I have very few "good" friends as a result of this thinking and I am making progress in just being socially competent in everyday conversations. I no longer live in anger of the past or in fear at the future. In the end, what I want is what I got and if I don't have what I want, I have to start making different choices now.

Thanks for participating and reading.--Crisan

Last edited by crisan; 10-17-2010 at 05:58 AM..
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Old 10-17-2010, 07:31 AM
 
Location: Jacksonville, FL (Northside)
2,908 posts, read 3,405,189 times
Reputation: 2692
Not everyone desires to be the center of attention. My theory is that extroverts will go to great lengths to fit in, oftentimes resorting to being something/someone they're not just so folks will notice them. I'm an introvert because I like my solitude but I also like being sociable around others. Unlike some people (you know who you are) I don't feel the need to belittle others for being introverts. Do you.
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Old 10-17-2010, 10:28 AM
 
4,384 posts, read 1,691,121 times
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Quote:
Originally Posted by Philosophizer View Post
Introverts just need a drink or two
Or maybe people should hold more complex psychology and attitudes. People are different.
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Old 10-17-2010, 10:48 AM
 
4,384 posts, read 1,691,121 times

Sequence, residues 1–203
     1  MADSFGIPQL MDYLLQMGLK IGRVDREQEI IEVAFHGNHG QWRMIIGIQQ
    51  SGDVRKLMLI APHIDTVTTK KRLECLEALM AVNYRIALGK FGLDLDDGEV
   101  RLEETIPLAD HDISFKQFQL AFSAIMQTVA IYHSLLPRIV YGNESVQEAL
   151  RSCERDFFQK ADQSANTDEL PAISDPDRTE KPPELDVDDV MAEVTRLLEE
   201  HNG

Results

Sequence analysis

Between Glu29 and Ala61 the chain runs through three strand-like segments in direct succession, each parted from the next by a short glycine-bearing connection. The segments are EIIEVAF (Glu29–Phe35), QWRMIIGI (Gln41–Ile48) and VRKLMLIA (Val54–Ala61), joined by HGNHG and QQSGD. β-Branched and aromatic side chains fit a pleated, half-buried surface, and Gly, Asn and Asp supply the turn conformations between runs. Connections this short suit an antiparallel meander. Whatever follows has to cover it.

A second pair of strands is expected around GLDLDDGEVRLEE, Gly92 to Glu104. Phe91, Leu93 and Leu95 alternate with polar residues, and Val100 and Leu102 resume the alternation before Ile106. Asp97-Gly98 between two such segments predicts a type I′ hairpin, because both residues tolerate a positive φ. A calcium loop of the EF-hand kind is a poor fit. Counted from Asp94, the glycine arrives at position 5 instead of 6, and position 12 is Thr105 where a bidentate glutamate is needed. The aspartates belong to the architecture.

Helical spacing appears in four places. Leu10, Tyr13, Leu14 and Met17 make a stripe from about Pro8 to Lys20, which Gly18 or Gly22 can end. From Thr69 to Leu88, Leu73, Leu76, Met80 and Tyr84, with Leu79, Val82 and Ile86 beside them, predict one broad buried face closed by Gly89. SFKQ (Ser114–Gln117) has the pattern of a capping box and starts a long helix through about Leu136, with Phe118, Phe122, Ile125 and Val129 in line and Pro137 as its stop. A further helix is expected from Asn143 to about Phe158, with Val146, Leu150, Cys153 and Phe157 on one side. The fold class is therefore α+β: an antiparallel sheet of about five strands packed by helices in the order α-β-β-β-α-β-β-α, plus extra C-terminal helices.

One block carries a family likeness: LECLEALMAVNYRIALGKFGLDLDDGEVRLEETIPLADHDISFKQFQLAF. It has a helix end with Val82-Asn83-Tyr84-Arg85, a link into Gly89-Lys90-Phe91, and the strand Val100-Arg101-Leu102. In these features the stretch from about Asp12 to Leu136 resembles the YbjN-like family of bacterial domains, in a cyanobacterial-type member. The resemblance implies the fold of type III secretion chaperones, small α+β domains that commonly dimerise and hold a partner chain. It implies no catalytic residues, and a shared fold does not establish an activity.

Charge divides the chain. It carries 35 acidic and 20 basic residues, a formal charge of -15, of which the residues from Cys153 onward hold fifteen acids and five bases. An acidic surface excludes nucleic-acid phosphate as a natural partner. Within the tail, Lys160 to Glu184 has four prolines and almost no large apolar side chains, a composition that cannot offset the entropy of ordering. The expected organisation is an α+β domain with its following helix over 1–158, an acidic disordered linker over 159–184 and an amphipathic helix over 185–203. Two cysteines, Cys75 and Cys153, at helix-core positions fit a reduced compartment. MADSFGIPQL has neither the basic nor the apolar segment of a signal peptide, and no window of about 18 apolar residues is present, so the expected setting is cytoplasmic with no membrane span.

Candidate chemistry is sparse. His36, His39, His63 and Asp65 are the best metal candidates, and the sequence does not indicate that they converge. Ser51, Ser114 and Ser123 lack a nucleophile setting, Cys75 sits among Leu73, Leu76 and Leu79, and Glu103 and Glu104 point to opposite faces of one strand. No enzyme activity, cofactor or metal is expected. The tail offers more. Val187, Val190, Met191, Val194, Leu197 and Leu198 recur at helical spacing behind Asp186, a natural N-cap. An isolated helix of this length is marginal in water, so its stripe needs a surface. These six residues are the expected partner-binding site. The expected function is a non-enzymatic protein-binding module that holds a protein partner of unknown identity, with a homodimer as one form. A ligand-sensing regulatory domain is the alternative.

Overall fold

Reputation: 1612
Quote:
Originally Posted by crisan View Post
I have several questions for introverts.

How long have you known that you were one? I found out recently that I have more introvert personality traits than extrovert. The bad thing about this is that growing up I thought I had to be outgoing, have tons of friends and have quick responses or opinions about things. Therefore, I tried making friends with people who were extroverts which is fine, but I probably would have made better introverted friends.

Where do you draw the line between being an introvert and just being boring? I go to play dates with other moms and there is a common denominator in all of these get-togethers. I am on the side-lines and it has always been this way.

All of us new moms met each other around the same time and it seems that some have hit it right off. Yes, they are more outgoing and I can't help but think that if I was just a little more like them, I could feel part of the group. However, my personality just won't allow it. If I and another person want to speak at the same time, I usually back down and let the other person go first. This usually means that I don't say anything at all because I had the same thoughts as the other person, or realized that my thoughts were in the minority or the subject has changed. So it is very easy to feel left out.

I guess I could try to meet up with introverted mothers but chances are they already have good friends. BTW-My closest friend has no children, is still working and attending college so we don't hang out that much anymore.

So, when it comes to moving away from close friends and family, do you find it more difficult to make new close friends?
Your questions are just pop culture nonsense.

It astounds me, in this thread there are high earners, Ivy League graduates, and yet you can't understand that people are different, and don't have an exact character/mentality to you?